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Old 06-26-2008, 09:28 AM   #1
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The following is an important bulletin from Workhorse

Engine Overheating – All Models 4-10-2008

Complaint/Condition
Engine is damaged from overheating due to low coolant level. This normally occurs within the first 2000 miles (Early failures) or after 2 to 3 years (late failures)

A. Early Failures
Body builders add heaters or other equipment that leaves air pockets in the coolant system. Both the overflow reservoir and radiator falsely suggest that system is full of coolant. After extended use, the air pockets work out and the radiator tank is low. This can occur without drawing coolant from the overflow reservoir. See "•Operation of coolant overflow reservoir"– later in this PI.

The engine often operates for a period of time before the air pocket is worked out. In fact, it may be the first operation of the heater that results in the air pocket going to the radiator. Also, the engine may not overheat with the low coolant until a high power demand is experienced such going up a long upgrade.

B. Late Failures
Over a period of time, most systems loose coolant as a result of evaporation or very minor leaks. If the owner adds coolant to an EMPTY over flow reservoir, it is very possible that radiator level is below the level needed for proper operation of the coolant recovery system. In this case, over heating is very likely at high power demand.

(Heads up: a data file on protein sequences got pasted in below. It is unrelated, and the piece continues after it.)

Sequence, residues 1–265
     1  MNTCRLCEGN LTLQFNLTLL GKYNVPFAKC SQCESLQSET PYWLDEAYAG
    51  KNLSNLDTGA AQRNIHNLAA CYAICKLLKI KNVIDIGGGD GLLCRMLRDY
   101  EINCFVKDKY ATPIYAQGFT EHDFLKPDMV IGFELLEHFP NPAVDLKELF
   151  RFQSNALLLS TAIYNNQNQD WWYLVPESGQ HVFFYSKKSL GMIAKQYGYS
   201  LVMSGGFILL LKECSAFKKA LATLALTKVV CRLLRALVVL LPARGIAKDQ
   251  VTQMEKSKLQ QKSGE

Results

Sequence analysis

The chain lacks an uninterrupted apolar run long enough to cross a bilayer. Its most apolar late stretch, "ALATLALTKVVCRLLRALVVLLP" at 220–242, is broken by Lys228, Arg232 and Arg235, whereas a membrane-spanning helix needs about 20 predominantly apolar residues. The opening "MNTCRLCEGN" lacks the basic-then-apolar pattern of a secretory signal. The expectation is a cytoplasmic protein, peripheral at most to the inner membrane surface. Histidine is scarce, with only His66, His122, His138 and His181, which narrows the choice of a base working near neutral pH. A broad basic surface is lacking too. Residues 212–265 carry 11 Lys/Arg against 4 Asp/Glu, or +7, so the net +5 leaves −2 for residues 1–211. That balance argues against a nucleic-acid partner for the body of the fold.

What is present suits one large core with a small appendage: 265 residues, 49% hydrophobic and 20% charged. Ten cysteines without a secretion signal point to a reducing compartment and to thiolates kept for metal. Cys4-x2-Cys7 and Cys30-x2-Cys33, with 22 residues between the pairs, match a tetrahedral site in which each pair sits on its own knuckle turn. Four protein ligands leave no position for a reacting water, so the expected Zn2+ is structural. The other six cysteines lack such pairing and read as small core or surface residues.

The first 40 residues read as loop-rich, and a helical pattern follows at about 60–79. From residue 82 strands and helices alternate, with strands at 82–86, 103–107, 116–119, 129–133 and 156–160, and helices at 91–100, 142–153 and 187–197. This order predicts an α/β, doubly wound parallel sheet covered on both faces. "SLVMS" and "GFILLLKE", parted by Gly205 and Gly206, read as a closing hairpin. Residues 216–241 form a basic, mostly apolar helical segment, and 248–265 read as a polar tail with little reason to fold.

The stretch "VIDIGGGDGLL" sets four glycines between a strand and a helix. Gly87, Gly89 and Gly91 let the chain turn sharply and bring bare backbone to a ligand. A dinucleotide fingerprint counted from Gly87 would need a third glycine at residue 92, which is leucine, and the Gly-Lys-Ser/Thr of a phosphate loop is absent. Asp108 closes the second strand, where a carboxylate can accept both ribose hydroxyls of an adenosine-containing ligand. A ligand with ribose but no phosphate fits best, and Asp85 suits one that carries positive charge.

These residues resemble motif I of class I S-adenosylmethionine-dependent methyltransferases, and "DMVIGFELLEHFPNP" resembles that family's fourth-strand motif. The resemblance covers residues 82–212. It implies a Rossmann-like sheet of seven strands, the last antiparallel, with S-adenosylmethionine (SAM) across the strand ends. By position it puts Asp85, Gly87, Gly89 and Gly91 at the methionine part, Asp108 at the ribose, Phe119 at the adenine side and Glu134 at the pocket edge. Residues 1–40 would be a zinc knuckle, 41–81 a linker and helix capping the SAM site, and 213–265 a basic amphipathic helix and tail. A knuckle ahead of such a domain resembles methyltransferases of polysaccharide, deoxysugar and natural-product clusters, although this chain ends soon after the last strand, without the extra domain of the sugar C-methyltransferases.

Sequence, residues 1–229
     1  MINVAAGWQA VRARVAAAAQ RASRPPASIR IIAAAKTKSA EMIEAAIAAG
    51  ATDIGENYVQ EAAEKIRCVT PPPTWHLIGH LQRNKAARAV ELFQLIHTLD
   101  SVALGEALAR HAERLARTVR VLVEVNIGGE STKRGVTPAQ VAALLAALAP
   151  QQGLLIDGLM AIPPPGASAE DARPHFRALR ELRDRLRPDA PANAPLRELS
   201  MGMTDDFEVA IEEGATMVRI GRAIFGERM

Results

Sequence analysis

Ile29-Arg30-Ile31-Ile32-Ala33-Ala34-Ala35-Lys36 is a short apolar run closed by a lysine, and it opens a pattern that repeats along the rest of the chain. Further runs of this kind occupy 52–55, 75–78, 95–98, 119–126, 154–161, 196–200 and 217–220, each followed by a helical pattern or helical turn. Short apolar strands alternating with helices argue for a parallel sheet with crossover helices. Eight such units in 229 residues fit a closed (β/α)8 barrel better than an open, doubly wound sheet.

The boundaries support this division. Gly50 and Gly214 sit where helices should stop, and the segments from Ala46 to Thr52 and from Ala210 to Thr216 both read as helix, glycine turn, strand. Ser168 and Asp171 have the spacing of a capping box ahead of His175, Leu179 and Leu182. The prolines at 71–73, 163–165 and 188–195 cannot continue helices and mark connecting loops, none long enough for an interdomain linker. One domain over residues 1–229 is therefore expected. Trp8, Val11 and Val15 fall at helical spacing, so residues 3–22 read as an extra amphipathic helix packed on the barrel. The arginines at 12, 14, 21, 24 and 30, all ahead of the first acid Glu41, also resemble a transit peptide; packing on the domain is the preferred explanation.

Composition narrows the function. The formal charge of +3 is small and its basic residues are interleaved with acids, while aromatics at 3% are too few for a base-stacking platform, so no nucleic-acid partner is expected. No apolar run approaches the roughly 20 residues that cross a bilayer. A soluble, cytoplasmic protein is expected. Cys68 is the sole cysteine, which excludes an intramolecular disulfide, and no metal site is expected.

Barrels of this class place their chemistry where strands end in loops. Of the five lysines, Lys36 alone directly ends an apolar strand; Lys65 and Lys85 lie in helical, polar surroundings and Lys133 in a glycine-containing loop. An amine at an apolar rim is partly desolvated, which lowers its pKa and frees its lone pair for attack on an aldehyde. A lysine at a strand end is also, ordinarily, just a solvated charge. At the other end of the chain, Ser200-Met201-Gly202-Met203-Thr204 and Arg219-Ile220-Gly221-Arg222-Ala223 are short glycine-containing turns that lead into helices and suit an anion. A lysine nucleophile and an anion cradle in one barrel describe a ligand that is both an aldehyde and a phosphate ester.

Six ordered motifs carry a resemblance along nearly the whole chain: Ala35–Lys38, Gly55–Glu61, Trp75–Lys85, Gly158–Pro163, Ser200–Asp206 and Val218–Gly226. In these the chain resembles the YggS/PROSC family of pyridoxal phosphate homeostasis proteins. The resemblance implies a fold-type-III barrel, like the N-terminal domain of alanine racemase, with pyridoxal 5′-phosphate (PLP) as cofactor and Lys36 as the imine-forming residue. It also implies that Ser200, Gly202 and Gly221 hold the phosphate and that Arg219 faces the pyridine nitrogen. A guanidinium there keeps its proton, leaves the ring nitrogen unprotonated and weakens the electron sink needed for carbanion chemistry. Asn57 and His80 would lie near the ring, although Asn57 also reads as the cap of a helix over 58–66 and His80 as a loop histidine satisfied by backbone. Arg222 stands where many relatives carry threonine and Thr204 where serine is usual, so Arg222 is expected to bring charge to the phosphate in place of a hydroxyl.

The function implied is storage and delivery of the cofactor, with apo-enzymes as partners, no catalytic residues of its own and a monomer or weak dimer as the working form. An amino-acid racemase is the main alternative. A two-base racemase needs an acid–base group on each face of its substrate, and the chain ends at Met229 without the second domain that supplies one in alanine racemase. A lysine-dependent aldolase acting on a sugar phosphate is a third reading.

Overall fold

Also, it is possible for improper antifreeze water mix to result in overheating. Cases of this have not been confirmed as it is difficult to determine after an overheat condition.

Recommendations/Actions

Workhorse Custom Chassis is working with body builders to better define the coolant filling procedures needed to prevent air pockets in the system.

Dealers should always check the heater for operation and check radiator level before delivering a new unit.

Radiator level (in addition to reservoir level) should be checked at every oil change. Radiator tank should be completely filled to over-running.

Owner should check reservoir for both COLD and HOT level on every trip. (This has been added to owner's manuals)

Coolant mixture must be 50% antifreeze and 50% clean water. This should also be checked at every oil change.

Operation of the coolant overflow reservoir
Coolant overflow reservoirs were added to vehicles to make cross flow radiators more efficient. This is done by assuring that the radiator is full to the fill cap at all times during operation.

Coolant movement from Radiator to Reservoir